- base: straight, geniculate (bent in lower third) or gradually curved
- outline of the apex: with pointing forward lobes or campanulate to be observed from the side and from top view
- upper lip: pointing forward or upward; entire or emarginate, with entire margin or dentate
- lower lip: pointing forward or downward; with entire margin or dentate, with central lobes larger than the lateral ones or more or less all alike

9) Stigma: sometimes stigma color may be helpful as well as if it is well exerted from corolla gorge

10) Stamens. Diagnostic feature such as the point of attachment at corolla is to be measure from corolla base

11) Hairiness: the kind of hairiness must be observed with attentionj of every part of the plant (e. g. Orobanche pubescens is rather easily distinguished from the related species for the presence of very long hairs on corolla upper side)

12) Color: also the color of varius parts of the plant must be observed even though broomrapes often show high variability. Anyway, there are species that are never, for example, yellow or other species that always have a blue corolla.

NB: broomrapes that have dried out are extremely difficult to be identified

Posted on January 30, 2019 22:36 by blue_celery blue_celery | 4 comments | Leave a comment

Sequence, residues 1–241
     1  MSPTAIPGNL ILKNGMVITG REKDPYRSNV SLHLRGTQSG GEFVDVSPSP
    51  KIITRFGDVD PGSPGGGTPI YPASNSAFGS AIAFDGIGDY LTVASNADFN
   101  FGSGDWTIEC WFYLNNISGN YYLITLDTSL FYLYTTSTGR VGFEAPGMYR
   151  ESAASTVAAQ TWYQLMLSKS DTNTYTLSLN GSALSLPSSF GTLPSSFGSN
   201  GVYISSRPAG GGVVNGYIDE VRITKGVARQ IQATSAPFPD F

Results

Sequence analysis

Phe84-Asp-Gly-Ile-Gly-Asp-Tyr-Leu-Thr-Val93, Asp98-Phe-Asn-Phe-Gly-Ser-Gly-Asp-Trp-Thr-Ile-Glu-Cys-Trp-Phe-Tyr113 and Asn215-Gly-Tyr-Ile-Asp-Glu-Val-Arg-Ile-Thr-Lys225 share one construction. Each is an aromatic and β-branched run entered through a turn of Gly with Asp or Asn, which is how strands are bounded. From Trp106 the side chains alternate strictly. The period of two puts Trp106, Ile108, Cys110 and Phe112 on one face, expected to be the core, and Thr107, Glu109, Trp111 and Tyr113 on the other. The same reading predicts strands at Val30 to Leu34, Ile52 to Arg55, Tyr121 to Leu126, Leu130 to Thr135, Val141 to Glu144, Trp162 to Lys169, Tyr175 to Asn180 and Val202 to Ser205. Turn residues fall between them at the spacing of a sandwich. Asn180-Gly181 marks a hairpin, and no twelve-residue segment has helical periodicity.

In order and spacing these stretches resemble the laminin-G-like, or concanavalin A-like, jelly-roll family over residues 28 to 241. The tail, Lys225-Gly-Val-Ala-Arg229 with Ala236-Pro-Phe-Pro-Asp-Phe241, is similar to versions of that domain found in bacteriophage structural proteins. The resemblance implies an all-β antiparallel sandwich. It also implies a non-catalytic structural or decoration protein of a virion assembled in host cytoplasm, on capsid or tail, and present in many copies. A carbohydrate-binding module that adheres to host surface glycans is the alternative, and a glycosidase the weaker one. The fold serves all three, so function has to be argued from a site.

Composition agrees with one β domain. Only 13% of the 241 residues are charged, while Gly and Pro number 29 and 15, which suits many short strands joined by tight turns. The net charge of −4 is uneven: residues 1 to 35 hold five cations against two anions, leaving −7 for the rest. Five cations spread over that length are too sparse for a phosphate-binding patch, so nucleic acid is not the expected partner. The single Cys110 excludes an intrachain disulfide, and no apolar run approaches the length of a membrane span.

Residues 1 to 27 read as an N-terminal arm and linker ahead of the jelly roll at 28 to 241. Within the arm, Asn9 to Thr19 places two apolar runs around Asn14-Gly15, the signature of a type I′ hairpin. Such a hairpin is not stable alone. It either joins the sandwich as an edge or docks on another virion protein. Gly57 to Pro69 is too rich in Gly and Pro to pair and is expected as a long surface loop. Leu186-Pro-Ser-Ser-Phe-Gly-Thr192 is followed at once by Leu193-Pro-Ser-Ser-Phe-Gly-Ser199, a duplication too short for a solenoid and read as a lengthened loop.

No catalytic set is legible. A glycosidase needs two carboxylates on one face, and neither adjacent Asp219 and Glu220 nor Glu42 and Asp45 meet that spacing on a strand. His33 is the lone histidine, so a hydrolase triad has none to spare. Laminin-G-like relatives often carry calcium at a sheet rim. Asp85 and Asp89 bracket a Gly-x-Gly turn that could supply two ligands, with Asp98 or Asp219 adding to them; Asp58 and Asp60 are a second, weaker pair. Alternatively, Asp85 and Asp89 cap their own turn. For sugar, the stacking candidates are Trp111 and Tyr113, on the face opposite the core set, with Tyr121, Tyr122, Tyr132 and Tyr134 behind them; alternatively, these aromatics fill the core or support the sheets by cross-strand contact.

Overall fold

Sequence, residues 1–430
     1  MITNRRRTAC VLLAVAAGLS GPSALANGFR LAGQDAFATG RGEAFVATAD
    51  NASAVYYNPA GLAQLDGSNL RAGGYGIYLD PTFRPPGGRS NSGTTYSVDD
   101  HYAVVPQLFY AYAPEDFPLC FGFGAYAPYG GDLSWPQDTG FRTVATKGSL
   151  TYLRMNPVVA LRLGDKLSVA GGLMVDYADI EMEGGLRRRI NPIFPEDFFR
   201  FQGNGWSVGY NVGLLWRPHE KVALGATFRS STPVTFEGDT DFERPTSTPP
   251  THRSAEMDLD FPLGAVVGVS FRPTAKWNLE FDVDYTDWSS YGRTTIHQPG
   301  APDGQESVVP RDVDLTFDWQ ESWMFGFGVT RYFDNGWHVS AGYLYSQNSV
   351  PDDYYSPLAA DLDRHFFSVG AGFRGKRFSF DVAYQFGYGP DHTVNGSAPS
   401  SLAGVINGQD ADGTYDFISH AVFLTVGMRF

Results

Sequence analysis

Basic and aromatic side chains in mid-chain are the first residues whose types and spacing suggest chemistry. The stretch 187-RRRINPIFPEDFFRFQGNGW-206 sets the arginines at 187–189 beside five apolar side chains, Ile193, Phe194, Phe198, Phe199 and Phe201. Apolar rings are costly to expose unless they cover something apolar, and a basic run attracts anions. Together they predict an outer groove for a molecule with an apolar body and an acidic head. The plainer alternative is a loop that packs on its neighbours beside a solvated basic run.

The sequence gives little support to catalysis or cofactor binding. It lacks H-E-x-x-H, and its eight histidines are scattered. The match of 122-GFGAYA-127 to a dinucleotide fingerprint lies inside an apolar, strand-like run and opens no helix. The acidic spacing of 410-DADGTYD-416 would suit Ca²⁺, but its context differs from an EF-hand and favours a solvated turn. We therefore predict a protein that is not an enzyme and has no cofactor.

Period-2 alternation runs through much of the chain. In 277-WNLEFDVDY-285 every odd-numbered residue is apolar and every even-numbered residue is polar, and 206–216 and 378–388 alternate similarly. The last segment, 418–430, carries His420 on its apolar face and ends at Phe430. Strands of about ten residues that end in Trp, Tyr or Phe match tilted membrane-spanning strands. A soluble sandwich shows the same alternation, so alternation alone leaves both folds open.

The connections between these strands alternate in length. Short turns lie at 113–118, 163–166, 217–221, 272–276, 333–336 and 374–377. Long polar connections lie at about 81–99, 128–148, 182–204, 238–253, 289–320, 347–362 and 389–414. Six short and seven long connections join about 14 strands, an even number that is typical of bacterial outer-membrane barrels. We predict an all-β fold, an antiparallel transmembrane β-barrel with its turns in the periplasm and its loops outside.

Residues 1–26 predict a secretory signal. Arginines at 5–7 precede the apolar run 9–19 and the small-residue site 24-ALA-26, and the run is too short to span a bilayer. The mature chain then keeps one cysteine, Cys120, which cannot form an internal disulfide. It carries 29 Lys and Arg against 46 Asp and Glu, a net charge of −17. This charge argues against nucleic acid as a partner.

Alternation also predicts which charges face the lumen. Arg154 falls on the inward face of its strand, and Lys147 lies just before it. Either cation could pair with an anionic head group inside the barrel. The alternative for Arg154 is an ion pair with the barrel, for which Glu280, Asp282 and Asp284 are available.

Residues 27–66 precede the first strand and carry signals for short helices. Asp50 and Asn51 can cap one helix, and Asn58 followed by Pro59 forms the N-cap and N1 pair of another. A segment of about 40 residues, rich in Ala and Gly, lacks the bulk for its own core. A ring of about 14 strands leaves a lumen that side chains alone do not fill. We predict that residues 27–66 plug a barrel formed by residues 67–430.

October 15, 2018

On the importance of raising awareness of properly tagging observations of cultivated plants in Europe

iNaturalist is undoubtedly a site with immense potential.
Unfortunately, many users do not take care to read and put into practice the recommendations contained in the site instructions. Thus, many observations of cultivated plants are posted untagged.
Many of these users are simply new and have still not understood that iNaturalist is not a gardening website, others are simply superficial.
I believe we all could spend some time raising awareness among users who post pictures of cultivated plants without the proper tag.
I have already started doing this with the observations from Italy. Of course I cannot deal with all observations from Europe on my own.
I propose you to use a standard form to be translated in various European languages.

Posted on October 15, 2018 17:03 by blue_celery blue_celery | 30 comments | Leave a comment

September 08, 2018

Solanum "Morelloid Clade" (S. nigrum, S. villosum, S. americanum etc...)